Let me make a Biblical allusion to why I really fault the mostly venerated Bishop Oyedepo’s comment: The Bible teaches that the Church is the Bride of Jesus Christ. For a very long time, Jesus’ bride, the Church, has been an unfaithful partner with many inconsistencies, discordances, and malpractices but Jesus has not called for a split! Jesus continues to believe in His marriage to His bride and continues to encourage her to do the right things. The lesson here is that whilst there may presently be issues of strain between Nigeria’s North and South, imaginary or real, it does not suffice to split Nigeria in two, along those lines – with the naive excuse that marriage is not by force.

When Gaddafi pointedly called for Nigeria to be split in two in 2009 following the crisis sparked by late President Yar’Adua’s long absence, many a Nigerian cleric from both Christian and Muslim sides fervidly condemned him. Oyedepo would surely not want to be cited in Gaddafi’s class as one who made a statement suggestive of not being opposed to such a dissentious call.

Bishop Oyedepo’s ministry will certainly continue to grow – in Africa and beyond but Nigeria will always remain its base. Consequently, Oyedepo will do well to rather pray for peace in Nigeria just as Psalms 122:6 says; as well as to work for Nigeria to remain one – Psalm 122:3 paraphrased says, “[Nigeria] is built as a [country] that is compact together [united].”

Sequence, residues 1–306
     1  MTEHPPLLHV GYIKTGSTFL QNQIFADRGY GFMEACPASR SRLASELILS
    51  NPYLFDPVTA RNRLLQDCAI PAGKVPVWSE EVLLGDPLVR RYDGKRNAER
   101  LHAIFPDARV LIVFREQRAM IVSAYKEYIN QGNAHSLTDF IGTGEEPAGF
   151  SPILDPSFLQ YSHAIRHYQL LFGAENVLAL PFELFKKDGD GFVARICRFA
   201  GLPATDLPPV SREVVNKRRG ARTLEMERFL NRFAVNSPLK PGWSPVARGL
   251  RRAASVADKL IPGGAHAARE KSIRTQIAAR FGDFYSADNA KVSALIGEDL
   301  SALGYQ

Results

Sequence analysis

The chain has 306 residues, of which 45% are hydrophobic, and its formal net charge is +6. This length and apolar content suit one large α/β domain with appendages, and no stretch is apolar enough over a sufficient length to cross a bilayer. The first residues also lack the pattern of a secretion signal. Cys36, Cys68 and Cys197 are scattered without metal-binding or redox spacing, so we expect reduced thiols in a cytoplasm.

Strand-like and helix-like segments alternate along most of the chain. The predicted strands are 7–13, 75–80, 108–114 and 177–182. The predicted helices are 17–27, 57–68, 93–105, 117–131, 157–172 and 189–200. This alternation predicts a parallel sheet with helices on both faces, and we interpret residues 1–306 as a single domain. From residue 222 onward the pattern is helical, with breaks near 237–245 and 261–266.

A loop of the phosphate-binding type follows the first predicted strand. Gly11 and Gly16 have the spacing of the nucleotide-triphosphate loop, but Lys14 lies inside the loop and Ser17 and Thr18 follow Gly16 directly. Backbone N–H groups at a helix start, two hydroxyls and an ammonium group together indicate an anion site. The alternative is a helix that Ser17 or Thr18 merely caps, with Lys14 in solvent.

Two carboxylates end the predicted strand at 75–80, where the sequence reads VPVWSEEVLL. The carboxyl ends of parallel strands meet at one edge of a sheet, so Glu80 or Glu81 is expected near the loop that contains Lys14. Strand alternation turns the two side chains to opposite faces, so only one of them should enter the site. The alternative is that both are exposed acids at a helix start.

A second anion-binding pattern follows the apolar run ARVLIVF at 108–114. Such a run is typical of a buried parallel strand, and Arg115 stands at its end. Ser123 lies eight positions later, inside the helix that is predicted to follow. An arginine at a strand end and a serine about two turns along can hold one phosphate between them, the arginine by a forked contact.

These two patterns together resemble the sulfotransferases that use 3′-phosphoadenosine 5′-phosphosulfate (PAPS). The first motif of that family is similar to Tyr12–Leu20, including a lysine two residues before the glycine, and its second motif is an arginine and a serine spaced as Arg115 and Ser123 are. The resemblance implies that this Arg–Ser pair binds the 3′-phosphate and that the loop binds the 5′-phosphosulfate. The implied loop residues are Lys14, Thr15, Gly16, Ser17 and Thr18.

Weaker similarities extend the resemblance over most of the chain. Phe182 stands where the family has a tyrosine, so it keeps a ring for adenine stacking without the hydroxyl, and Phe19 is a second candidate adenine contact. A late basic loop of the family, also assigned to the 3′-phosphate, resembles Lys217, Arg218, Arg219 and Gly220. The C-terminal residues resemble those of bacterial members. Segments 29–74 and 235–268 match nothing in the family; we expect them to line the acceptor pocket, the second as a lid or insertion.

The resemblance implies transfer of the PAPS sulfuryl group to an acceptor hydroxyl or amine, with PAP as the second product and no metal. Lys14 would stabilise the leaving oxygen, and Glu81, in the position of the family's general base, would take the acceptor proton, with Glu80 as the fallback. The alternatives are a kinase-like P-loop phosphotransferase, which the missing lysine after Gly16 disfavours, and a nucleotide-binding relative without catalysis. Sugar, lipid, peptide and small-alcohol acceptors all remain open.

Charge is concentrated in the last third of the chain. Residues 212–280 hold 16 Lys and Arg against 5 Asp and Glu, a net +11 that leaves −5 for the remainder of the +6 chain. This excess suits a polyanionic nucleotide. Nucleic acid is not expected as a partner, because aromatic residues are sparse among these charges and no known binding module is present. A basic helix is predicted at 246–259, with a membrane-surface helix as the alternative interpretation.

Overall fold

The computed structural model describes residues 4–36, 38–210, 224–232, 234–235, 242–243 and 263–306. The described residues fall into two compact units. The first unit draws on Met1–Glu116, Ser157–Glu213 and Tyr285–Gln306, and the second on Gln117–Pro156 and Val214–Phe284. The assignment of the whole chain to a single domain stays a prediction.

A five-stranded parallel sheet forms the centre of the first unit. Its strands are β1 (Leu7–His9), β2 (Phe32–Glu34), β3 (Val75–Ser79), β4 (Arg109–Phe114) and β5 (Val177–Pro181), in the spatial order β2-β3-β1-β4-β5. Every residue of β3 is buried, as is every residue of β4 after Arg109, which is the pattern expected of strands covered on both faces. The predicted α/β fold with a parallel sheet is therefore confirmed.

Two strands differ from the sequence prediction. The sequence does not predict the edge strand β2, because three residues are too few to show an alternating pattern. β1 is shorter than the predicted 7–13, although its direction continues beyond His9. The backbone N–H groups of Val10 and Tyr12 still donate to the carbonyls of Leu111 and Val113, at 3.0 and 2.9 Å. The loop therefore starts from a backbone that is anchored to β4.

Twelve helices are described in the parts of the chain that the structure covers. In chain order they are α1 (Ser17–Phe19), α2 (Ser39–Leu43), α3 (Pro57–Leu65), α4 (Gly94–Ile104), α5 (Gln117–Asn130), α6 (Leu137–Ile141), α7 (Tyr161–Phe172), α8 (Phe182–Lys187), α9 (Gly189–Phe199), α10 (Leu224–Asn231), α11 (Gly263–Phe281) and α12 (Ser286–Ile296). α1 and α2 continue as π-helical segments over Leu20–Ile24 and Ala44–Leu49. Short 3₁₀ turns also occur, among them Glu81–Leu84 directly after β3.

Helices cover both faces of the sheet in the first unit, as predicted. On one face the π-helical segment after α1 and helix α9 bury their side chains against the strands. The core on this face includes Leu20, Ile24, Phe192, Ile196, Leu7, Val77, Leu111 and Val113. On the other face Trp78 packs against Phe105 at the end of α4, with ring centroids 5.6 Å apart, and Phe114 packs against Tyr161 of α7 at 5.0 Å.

Out of their sinister motives, an American agency, some years back, said Nigeria will split in 2015. In fact, in 2008, the US Army began war games, test-prospecting its response to Nigeria’s projected break-up. Out of his supposedly divinely inspired prophetic utterance, Oyedepo, in 2003, said Nigeria would be a great country from 2013 onwards. It would be telling if Oyedepo were to now lend credence to the American projection rather than to what should be a revelation from GOD to him regarding Nigeria’s coming greatness.

I have made public this well-intentioned disagreement with Bishop Oyedepo on this subject because Nigeria is bigger than all of us and, as great a man of GOD as he is, Bishop Oyedepo is also fallible. It is my prayer that Nigeria soon overcomes her present challenges and that Bishop Oyedepo makes amends for this unfortunate gaffe by continuing to be the blessing he is to our beloved country!

GOD bless Nigeria!

Posted March 4, 2012 by Raymond Eyo in Celebrating Nigeria